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Your work in pop music

Your work in pop music is extensive, but one track invariably comes up on a regular basis —“It’s Raining Men,” the delirious disco classic featuring Martha Wash and Izora Armstead, performing as The Weather Girls. So give me the rundown on the background of this megahit. It’s sort of a long story, but in the ’70s, when I was just getting started in the music business in New York, having arrived from Canada in 1974, and simultaneous to doing SNL, I was becoming a studio musician and arranger. A producer named Ron Dante, who had produced Barry Manilow’s first albums, hired me to arrange a track—they were still calling it disco back then I guess—for a new dance artist named Paul Jabara. This guy had been in the cast of Hair on Broadway, and he had written his own musical, which had opened and closed. He was now trying to be a pop recording artist, and I arranged a song for him called “One Man Ain’t Enough.” We made the record (though it wasn’t widely heard), and it was very cute and danceable—it already had a bit of that sense of humor which he applied to “It’s Raining Men.” This record had strings and horns and was, I guess you’d say, an early disco experiment. Now Paul—his career hadn’t taken off as a recording artist—so he moved to Los Angeles, and he wrote “Last Dance” for Donna Summer and won an Oscar. I was so proud to know him and to have worked with him earlier. He came back to New York around 1981 and called me up. He told me I did such a great job arranging “One Man Ain’t Enough,” and [he had] an idea for a song for Donna Summer that he wanted me to compose with him. He thought this would bring her around—after a long string of hit records, I think her career had cooled a little bit. He asked me what I thought of the title “It’s Raining Men.” I said, “I’ll be right over!” It’s true—I went right over to his apartment on the upper east side and we wrote the song in one afternoon. He was all ready to go with many of the lyric ideas—lines about ripping off the roof and staying in bed. He had that ready to go, including the reference to Mother Nature being a single woman. He was loaded and ready. All I had to do was put these things to music. But really, he had the content all in his head already. Unfortunately, when he played it for Donna Summer, she hated it. I believe she had become a born again Christian by this time, and she thought it was blasphemous, and she refused to do the song. Paul was the kind of guy who had established friendships with all the great divas of that era— and he played it for all of them. Diana, Barbra, Patti Labelle— none of them wanted to do it. He was undaunted—he knew this song would be a hit. Then he remembered the girls who used to back Sylvester, who were working under the name Two Tons O’ Fun. Martha Wash and Izora Armstead. 4 FLOD SPOTLIGHT | 2018 SPRING ISSUE | FIRSTLADIESOFDISCOSHOW.COM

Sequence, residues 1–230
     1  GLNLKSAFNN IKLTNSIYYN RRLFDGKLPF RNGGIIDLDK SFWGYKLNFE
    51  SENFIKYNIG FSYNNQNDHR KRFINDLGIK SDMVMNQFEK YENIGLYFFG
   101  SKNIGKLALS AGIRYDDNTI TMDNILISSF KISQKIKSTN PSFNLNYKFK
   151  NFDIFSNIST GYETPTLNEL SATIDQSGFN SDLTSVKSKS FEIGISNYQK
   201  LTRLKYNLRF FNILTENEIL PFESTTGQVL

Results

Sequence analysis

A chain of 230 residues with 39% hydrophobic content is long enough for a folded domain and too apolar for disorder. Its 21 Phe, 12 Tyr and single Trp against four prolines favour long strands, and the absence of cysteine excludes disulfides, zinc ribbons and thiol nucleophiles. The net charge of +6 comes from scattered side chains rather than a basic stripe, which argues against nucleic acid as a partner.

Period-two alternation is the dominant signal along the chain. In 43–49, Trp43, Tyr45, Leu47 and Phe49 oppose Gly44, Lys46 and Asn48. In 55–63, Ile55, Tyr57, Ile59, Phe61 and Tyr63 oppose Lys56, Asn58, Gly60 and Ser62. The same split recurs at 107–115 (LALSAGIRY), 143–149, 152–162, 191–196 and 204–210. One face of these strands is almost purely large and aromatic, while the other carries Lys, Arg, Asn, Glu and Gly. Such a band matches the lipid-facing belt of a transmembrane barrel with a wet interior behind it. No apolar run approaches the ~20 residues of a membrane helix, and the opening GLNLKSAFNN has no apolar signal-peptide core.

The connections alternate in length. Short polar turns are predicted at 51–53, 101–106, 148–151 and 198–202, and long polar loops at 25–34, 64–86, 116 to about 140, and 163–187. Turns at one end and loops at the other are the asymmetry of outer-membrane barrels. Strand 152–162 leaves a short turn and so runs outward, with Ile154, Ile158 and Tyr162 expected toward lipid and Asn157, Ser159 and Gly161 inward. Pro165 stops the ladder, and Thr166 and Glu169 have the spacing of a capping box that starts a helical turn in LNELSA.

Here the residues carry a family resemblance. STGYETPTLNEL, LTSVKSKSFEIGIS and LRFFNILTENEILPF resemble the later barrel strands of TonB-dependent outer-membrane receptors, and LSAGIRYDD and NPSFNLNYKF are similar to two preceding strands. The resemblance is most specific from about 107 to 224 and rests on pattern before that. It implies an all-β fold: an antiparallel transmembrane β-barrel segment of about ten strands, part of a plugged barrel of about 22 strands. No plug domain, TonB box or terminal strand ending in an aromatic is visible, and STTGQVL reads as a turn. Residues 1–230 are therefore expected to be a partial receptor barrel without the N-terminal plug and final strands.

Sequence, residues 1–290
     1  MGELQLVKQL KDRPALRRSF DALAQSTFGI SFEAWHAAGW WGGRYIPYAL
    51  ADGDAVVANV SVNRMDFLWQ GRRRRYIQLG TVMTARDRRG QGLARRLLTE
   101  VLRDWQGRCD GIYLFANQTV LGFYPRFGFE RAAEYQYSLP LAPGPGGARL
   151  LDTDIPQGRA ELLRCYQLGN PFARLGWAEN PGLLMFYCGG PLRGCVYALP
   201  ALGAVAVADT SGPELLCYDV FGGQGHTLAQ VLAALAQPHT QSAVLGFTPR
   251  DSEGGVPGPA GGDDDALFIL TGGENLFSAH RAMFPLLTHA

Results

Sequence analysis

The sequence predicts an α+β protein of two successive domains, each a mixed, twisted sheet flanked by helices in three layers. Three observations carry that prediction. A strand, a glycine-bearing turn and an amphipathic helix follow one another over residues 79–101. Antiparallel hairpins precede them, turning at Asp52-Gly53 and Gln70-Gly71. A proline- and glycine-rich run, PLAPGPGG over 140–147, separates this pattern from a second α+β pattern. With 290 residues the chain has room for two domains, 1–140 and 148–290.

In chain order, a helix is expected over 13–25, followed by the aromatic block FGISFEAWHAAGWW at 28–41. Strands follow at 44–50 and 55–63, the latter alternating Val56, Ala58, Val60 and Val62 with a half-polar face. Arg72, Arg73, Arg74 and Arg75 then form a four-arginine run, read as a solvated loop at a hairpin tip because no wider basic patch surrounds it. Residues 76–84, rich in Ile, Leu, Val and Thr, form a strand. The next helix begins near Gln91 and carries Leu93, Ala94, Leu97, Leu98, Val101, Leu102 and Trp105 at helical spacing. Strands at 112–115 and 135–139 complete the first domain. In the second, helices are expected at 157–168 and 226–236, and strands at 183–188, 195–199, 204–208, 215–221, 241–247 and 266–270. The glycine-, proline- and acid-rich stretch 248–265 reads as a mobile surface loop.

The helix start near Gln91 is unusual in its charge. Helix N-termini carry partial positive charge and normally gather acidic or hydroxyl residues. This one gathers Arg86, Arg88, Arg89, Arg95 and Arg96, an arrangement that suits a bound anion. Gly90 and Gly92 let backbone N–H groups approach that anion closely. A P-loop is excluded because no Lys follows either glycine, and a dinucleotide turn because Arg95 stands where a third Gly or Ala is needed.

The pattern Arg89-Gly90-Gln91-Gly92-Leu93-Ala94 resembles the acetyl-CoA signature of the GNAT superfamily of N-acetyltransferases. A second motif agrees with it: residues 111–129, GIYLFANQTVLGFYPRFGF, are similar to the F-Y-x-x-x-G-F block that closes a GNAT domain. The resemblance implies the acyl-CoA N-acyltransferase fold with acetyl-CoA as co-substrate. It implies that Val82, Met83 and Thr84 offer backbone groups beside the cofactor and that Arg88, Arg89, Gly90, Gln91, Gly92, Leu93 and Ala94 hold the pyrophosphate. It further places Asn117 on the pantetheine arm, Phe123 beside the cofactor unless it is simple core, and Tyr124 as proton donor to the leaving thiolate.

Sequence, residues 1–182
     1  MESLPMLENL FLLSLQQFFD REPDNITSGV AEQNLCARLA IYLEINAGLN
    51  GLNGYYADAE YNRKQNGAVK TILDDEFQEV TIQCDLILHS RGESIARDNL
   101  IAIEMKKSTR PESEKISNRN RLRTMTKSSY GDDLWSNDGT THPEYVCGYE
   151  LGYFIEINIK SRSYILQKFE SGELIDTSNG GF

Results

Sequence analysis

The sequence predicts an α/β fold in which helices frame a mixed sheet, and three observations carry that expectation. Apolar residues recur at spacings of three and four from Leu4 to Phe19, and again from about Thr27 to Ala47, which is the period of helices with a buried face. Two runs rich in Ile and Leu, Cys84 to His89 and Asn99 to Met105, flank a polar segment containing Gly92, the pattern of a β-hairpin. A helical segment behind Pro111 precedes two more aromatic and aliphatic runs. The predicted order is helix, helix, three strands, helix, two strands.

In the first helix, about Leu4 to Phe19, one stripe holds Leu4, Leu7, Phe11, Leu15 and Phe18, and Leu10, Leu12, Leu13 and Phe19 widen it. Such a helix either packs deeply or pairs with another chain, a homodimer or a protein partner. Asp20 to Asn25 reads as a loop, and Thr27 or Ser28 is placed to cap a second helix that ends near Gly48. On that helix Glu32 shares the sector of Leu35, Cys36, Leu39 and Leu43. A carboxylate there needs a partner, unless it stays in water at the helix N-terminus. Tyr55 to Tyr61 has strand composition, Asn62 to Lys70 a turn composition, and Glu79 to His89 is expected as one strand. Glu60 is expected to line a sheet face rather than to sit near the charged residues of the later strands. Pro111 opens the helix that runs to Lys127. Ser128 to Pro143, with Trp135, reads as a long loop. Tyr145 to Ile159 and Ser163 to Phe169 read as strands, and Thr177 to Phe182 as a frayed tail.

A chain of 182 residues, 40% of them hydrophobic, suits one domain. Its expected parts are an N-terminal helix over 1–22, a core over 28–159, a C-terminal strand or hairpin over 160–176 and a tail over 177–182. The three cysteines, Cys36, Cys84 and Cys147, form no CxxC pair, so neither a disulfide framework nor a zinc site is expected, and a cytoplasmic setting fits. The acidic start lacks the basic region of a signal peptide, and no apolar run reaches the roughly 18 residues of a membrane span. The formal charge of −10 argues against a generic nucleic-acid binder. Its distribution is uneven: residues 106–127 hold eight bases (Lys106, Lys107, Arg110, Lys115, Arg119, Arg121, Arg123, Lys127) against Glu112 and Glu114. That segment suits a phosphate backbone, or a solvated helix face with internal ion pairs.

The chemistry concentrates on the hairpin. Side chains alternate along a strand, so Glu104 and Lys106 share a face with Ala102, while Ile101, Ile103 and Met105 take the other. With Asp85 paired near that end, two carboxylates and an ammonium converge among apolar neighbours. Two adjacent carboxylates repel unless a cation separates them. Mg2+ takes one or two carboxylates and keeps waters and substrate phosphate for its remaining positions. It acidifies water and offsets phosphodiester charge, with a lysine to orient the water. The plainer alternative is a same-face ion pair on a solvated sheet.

He contacted them; they put their voices on the track. They probably thought it was an isolated recording session. He called them The Weather Girls, the song took off, and the ladies were only too happy to become The Weather Girls and perform as such. I remember that they did the early Letterman show when the song was number one on the dance chart, ’82 or ’83, and that was when I first met Martha and Izora. Their voices were angelic and soulful at the same time, and they played it straight. That just made the record work! COVER STORY | PAUL SHAFFER sounds even better now, and she gets people on their feet within the first couple of notes. Her voice is so serious, but a song like “It’s Raining Men” is a fun song—that combination is pure magic. It’s a very different music industry today. What’s your overall impression of it? When I was a side-man in the studio, a studio musician, I didn’t have to deal with record companies. Just the producer of whatever particular recording I was hired for. Even then, I could never figure out the business. That’s why I felt so lucky to have gotten a job in television and to have had it for so long. The record business, I couldn’t figure it out—now, even less so. The computer changed everything, including the sound of music on the radio. Live musicians are almost [fiction]—even in live performances. Everyone uses prerecorded tracks, even the rock acts. Well, as a musician, I don’t like any of it. Honestly, I don’t know what I would do if I were trying to come up today. I just don’t know. You really helped usher in a new age, a new style and experience in late night talk when you teamed with David Letterman for over a decade. Do you view yourself as an innovator in that regard? First of all, I happened to be one of the first on a show like Have you kept ties with heritage stars like Martha? I am going to see Martha Wash at the First Ladies of Disco Show tomorrow night, appearing with two other great disco artists of the era. One is Linda Clifford, for whom I played as a studio musician for a full album [I’ll Keep On Loving You (1982/Capitol)]. Linda and I hit it off, and it will be great to see her again. I notice all these heritage artists are starting to tour together again—and that’s great. I think there’s something good about numbers—artists coming together from the same era, with the same thematic relationship. I’m thrilled to see Martha Wash still performing. I think she that to do the house band thing with rock ’n’ roll music. It was just time. Doc Severinsen had that big band sound with Johnny Carson, but this was the rock ’n’ roll era, and I had the privilege of bringing it into the late night talk show world. I played all my favorite songs, sometimes with the actual artists. I will never forget some of those experiences, like playing with James Brown and Carole King and Sly from The Family Stone. Those were some of the early artists I played with, and still I always mention them—I’ll never get over the thrill. Then I got to play for and be the side-kick of the man who I consider to be the fastest and smartest of all the guys who do that job—David Letterman. Our show was—you FLOD SPOTLIGHT | 2018 SPRING ISSUE | FIRSTLADIESOFDISCOSHOW.COM 5